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Sci Rep. 2019 Mar 20;9(1):4941. doi: 10.1038/s41598-019-39671-8.

Twenty-eight-day mortality in lung cancer patients with metastasis who initiated mechanical ventilation in the emergency department.

Author information

1
Division of Pulmonology and Critical Care Medicine, Department of Medicine, Sungkyunkwan University School of Medicine, Seoul, Korea.
2
Division of Pulmonary Medicine and Allergy, Department of Internal Medicine, Hanyang University, School of Medicine, Seoul, Korea.
3
Division of Pulmonary and Critical Care Medicine, Department of Internal Medicine, Ilsan Paik Hospital, Inje University College of Medicine, Goyang, Korea.
4
Department of Emergency Medicine, Samsung Medical Center, Sungkyunkwan University School of Medicine, Seoul, Korea. medrespjh@gmail.com.
5
Department of respiratory medicine, College of Medicine, Kangwon National University, Chuncheon, Gangwon, Korea. medrespjh@gmail.com.

Abstract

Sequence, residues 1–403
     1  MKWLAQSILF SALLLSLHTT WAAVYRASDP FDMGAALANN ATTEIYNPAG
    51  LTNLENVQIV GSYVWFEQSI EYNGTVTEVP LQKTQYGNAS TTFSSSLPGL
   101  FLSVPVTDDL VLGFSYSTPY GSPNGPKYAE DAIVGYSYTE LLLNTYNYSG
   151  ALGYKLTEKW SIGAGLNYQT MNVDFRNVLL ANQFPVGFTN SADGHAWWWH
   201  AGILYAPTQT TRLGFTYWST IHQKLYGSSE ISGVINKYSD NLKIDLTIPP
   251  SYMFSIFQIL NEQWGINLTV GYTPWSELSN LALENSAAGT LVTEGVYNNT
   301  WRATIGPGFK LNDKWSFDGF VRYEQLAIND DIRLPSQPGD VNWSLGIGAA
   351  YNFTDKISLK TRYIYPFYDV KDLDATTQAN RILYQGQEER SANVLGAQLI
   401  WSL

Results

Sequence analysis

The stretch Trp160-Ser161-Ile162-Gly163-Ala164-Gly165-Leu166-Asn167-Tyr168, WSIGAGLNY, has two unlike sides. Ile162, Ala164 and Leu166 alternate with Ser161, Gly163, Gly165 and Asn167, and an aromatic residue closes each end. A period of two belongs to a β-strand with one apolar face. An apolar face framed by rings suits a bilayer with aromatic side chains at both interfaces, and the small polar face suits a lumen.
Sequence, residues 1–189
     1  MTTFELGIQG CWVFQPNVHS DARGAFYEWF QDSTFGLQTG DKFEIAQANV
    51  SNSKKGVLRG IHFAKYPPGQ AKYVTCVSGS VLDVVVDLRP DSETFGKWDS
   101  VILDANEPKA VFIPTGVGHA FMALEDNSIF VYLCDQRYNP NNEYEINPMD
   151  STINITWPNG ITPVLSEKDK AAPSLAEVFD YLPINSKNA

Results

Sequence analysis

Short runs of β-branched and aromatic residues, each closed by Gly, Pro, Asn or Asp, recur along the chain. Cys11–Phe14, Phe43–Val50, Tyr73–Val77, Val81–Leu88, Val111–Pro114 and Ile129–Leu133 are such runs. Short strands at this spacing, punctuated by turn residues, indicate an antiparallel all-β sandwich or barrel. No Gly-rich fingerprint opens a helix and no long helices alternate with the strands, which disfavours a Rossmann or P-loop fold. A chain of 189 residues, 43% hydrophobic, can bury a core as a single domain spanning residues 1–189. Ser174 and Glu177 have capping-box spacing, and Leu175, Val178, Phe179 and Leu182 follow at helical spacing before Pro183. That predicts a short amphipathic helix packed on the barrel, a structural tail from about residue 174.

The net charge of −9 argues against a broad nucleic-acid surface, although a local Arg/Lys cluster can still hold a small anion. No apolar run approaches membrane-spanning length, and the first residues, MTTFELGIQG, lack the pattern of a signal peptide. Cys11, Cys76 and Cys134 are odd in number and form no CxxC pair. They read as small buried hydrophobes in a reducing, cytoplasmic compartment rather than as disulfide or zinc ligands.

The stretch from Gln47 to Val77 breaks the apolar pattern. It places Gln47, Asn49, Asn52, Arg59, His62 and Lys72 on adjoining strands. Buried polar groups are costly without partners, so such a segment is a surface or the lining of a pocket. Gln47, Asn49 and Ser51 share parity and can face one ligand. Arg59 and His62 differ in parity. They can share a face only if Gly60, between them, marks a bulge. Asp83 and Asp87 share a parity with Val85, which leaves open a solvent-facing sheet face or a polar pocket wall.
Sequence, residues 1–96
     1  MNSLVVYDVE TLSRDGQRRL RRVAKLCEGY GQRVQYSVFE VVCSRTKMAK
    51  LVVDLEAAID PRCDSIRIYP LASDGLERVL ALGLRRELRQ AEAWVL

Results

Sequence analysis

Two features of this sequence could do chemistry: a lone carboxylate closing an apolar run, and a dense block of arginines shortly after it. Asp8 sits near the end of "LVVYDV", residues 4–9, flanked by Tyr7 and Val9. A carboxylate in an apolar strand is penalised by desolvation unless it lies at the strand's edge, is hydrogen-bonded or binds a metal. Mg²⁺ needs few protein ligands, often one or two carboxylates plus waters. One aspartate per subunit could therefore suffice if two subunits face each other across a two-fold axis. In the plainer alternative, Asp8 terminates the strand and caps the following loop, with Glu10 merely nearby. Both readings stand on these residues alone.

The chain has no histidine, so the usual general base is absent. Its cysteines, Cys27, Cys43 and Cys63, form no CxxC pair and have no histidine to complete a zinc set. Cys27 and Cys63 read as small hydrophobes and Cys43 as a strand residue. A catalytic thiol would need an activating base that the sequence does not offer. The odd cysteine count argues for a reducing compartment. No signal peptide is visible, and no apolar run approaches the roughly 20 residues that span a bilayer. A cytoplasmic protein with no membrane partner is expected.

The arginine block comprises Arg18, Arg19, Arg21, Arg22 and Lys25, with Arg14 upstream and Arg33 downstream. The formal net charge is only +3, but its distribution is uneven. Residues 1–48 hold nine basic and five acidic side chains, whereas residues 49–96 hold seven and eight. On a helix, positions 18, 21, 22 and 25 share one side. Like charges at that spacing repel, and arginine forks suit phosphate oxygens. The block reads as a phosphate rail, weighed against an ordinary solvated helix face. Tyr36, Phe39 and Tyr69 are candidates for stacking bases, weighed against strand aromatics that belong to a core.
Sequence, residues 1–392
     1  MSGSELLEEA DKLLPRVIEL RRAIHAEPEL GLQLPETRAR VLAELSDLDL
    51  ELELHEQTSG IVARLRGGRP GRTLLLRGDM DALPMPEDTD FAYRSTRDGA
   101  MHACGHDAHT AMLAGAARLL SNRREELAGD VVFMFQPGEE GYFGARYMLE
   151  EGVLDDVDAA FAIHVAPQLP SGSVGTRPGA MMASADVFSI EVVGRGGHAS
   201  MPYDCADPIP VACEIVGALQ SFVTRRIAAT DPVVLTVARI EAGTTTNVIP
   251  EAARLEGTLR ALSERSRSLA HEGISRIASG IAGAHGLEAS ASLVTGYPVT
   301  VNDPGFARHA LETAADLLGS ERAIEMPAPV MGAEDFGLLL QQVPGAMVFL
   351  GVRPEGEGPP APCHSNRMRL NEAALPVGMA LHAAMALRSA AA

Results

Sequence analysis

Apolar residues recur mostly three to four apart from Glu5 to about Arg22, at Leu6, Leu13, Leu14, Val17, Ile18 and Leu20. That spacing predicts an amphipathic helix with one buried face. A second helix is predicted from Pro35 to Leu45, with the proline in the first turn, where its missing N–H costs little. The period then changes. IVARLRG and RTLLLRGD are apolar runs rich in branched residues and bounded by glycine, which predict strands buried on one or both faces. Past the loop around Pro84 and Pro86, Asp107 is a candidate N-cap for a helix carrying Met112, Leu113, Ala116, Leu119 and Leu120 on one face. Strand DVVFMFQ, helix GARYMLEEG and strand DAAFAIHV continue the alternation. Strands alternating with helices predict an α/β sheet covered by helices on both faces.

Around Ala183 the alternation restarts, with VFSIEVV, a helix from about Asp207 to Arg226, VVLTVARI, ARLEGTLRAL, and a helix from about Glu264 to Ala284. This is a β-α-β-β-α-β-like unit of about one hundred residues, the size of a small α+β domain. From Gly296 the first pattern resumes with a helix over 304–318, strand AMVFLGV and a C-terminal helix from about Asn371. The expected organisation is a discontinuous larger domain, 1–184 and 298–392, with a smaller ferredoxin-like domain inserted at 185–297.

Few data are available regarding treatment outcomes in lung cancer patients with metastasis who initiated mechanical ventilation in the emergency department (ED). We aimed to evaluate 28-day mortality in lung cancer patients with metastasis who initiated mechanical ventilation in the ED. Patients with solid malignancy who initiated mechanical ventilation in the ED of a tertiary hospital were retrospectively identified and stratified into four groups according to the presence of lung cancer and metastasis. Among 212 included patients, the mortality rates by the 28th hospital day were as follows: 44.2% (19/43) in non-lung cancer patients without metastasis, 63.2% (43/68) in non-lung cancer patients with metastasis, 52.4% (11/21) in lung cancer patients without metastasis, and 66.2% (53/80) in lung cancer patients with metastasis. In multivariable analysis, lung cancer patients with metastasis had significantly higher odds ratio for 28-day mortality than non-lung cancer patients without metastasis (adjusted odds ratio [OR] = 7.17, 95% confidence interval [CI] = 2.14-24.01). Sepsis-related respiratory failure (adjusted OR = 2.60, 95% CI = 1.16-5.84) and cardiopulmonary resuscitation (adjusted OR = 13.34, 95% CI = 4.45-39.95) over respiratory failure without sepsis and acute organ dysfunction process measured by sequential organ failure assessment (SOFA) score (adjusted OR = 1.15, 95% CI = 1.05-12.6) were independently associated with an increase in mortality rate. In conclusion, the treatment outcomes in lung cancer patients with metastasis who initiated mechanical ventilation in the ED were poor. Aggressive resuscitation versus end-of-life care in advance of an unexpected medical crisis should be considered in lung cancer patients with metastasis via a multidisciplinary approach with a consideration of underlying comorbid illnesses in the acute organ dysfunction processes.

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